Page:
INCOMPAS Challenges Charter/TWC Program Price Benefit

INCOMPAS, which represents competitive telecom carriers, has taken aim at Charter's claim that one benefit of the Time Warner Cable deal is the program costs savings that will result, savings some of which will be passed on to customers.

In an ex parte letter to the FCC on the proposed Charter/TWC/Bright House merger, INCOMPAS was offering up an economist, Dr. David Evans, to refute the an economist offered up by Charter, professor Michael Katz.

INCOMPAS (formerly Comptel) and Evans do not challenge Katz' contention of a programming price break, but say in the filing that the result of that price break is that that will disadvantage competitors because the programmers will compensate by charging more to those who do not have the same scale--like INCOMPAS members.

That, in turn, it says, would both raise prices and hurt deployment of broadband--the FCC's prime directive under chairman Tom Wheeler and President Barack Obama. "New Charter's increased market power over video programmers resulting from the merger would discourage entry and expansion by smaller broadband providers that would otherwise compete against Charter or Time Warner Cable for customers," INCOMPAS said.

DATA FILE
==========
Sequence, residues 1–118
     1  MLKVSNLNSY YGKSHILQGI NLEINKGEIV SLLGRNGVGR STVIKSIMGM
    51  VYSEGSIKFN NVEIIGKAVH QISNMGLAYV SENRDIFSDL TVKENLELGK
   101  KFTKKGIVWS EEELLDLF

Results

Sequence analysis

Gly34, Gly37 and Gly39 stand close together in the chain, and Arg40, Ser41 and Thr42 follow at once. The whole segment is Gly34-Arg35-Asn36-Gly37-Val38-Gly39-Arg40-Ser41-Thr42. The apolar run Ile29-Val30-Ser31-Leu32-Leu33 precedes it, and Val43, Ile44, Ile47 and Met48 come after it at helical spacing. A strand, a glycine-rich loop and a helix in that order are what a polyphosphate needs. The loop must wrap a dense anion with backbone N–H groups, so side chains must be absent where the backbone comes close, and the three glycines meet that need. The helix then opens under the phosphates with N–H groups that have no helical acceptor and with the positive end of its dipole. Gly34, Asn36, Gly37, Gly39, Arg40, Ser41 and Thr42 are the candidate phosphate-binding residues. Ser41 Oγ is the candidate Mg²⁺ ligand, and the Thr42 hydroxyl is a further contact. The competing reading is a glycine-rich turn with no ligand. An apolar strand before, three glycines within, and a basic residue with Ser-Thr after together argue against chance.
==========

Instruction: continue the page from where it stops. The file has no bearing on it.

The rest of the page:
That is because, they argue, the more they have to pay in video programming costs, they less they are going to put out in capital expenditures in new broadband plant.

INCOMPAS wants the FCC to deny the application of designate it for a hearing before an Administrative Law Judge, which would likely be as good as denying it--Comcast dropped its bid for TWC after the FCC signaled it would go to a hearing.

In a blog post on the INCOMPAS filing Tuesday (Jan. 19), Charter points out that the FCC in the AT&T/DirecTV merger approval found that lowering programming prices via that merger--which created an MVPD with more subs that would a Charter/TWC/Bright House deal--was a merger benefit.

Charter suggests INCOMPAS has it backwards. "INCOMPAS makes the classic merger analysis mistake of confusing harm to New Charter’s competitors with harm to competition," it said. "According to INCOMPAS, New Charter’s competitors will invest less in broadband deployment because New Charter can offer lower prices. But aren’t lower prices good for consumers and competition? By INCOMPAS’ logic, mergers would be good if they result in higher prices because that would encourage investment by new entrants. That kind of spin does not pass the laugh test."

Contributing editor John Eggerton has been an editor and/or writer on media regulation, legislation and policy for over four decades, including covering the FCC, FTC, Congress, the major media trade associations, and the federal courts. In addition to Multichannel News and Broadcasting + Cable, his work has appeared in Radio World, TV Technology, TV Fax, This Week in Consumer Electronics, Variety and the Encyclopedia Britannica.